Researchers at the Children’s Medical Center Research Institute at UT Southwestern (CRI) have identified a gene that contributes to the development of several childhood cancers, in a study conducted with mice designed to model the cancers. If the findings prove to be applicable to humans, the research could lead to new strategies for targeting certain childhood cancers at a molecular level. The study was published today in the journal Cancer Cell.
“We and others have found that Lin28b – a gene that is normally turned on in fetal but not adult tissues – is expressed in several childhood cancers, including neuroblastoma, Wilms’ tumor and hepatoblastoma, a type of cancer that accounts for nearly 80 percent of all liver tumors in children,” said Dr. Hao Zhu, a principal investigator at CRI, and Assistant Professor of Pediatrics and Internal Medicine at UT Southwestern Medical Center.
This is Dr. Hao Zhu.
Credit: UT Southwestern
“In our study, we found that overproduction of Lin28b specifically causes hepatoblastoma, while blocking Lin28b impairs the cancer’s growth. This opens up the possibility that pediatric liver cancer patients could one day be treated without resorting to chemotherapy.”
Lin28b is an attractive therapeutic target in cancer because it is ordinarily only expressed in embryos, so blocking it in children should specifically hinder cancer growth without introducing many side effects.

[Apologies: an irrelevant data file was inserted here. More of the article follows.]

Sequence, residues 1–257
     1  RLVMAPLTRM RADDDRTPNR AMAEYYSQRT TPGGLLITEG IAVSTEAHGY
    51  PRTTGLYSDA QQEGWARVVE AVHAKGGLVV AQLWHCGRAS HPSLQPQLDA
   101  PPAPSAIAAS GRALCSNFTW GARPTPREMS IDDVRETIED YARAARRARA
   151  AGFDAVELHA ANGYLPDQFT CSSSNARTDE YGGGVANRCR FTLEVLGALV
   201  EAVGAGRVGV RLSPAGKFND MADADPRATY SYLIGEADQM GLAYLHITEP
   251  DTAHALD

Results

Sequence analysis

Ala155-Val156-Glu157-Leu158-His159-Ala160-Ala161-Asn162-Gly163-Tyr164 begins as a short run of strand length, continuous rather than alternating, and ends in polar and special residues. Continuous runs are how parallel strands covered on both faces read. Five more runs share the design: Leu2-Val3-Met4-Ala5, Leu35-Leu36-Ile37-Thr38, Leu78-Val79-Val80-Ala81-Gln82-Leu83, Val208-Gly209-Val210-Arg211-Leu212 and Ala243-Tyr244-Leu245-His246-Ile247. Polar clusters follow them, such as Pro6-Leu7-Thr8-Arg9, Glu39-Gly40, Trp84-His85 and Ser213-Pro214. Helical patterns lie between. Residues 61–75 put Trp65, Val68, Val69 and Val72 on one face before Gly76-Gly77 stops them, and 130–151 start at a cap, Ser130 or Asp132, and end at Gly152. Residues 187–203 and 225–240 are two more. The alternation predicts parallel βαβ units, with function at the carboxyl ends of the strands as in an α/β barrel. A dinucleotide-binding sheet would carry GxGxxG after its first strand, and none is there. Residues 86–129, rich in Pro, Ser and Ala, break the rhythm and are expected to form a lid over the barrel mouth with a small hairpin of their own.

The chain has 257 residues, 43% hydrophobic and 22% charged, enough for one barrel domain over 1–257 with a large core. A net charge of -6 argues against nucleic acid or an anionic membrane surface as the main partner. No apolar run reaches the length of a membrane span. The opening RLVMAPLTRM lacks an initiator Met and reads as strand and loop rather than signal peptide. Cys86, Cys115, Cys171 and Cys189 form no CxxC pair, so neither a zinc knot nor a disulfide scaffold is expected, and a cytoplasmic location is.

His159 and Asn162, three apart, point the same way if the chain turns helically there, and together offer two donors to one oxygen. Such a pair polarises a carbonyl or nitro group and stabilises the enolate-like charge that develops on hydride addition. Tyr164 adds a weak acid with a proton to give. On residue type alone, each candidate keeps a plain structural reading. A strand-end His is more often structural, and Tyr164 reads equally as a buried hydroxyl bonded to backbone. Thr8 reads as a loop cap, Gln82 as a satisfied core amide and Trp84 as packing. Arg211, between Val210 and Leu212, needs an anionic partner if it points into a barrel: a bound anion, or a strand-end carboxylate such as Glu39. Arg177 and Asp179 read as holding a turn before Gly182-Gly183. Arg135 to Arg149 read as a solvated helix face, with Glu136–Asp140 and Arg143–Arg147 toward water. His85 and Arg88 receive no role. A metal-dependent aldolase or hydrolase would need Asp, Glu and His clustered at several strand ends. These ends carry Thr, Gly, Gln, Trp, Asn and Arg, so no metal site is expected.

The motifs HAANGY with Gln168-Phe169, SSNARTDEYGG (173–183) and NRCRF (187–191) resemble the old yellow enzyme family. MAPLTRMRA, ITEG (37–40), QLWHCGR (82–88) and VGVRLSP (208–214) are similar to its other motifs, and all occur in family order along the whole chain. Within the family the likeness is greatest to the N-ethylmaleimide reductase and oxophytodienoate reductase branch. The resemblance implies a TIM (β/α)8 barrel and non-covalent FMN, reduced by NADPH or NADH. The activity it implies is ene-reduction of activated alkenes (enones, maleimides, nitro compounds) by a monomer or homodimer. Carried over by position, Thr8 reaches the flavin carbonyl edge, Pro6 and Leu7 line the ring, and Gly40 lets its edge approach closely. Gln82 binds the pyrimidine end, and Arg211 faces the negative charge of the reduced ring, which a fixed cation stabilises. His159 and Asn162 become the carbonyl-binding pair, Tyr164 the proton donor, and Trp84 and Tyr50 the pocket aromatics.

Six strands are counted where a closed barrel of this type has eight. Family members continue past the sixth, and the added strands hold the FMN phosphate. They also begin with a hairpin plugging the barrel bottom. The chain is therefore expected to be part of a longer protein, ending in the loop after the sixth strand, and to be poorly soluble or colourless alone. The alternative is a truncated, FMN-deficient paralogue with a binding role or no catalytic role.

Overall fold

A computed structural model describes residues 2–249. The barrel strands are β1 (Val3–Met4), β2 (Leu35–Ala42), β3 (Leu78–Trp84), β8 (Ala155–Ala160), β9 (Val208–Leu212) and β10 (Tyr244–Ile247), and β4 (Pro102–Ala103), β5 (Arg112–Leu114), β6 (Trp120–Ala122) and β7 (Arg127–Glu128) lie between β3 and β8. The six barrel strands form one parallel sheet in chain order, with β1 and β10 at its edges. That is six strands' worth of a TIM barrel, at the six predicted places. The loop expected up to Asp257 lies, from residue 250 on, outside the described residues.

Each year in the United States, 700 children are newly diagnosed with neuroblastoma, 500 with Wilms’ tumor and 100 with hepatoblastoma. At Children’s Medical Center in Dallas, more than 100 children have been treated for those three types of cancers over the last two years.
Previous studies found that Lin28b is a critical factor in stem cell and fetal tissue development, leading Dr. Zhu and his team to hypothesize that the same gene would play a significant role in the development of certain cancers.
“We looked at Lin28b in a multitude of ways in mice to study its effects on cancer, from increasing it significantly to deleting it,” said Dr. Zhu, co-senior author of the paper. “From this and earlier studies, it appears that Lin28b activates the metabolic pathways that provide the building blocks of growth for certain cancers.”
The next step for the Zhu lab is to establish whether genes related to Lin28b have similar effects on the development of cancer, and to determine if those genes might be more effective targets for potential therapies.
Dr. George Daley, Professor of Hematology at Children’s Hospital Boston, is co-senior author of the paper. The work in the Zhu lab was supported by the National Institutes of Health, the Burroughs Wellcome Fund, the Cancer Prevention and Research Institute of Texas and donors to the Children’s Medical Center Foundation.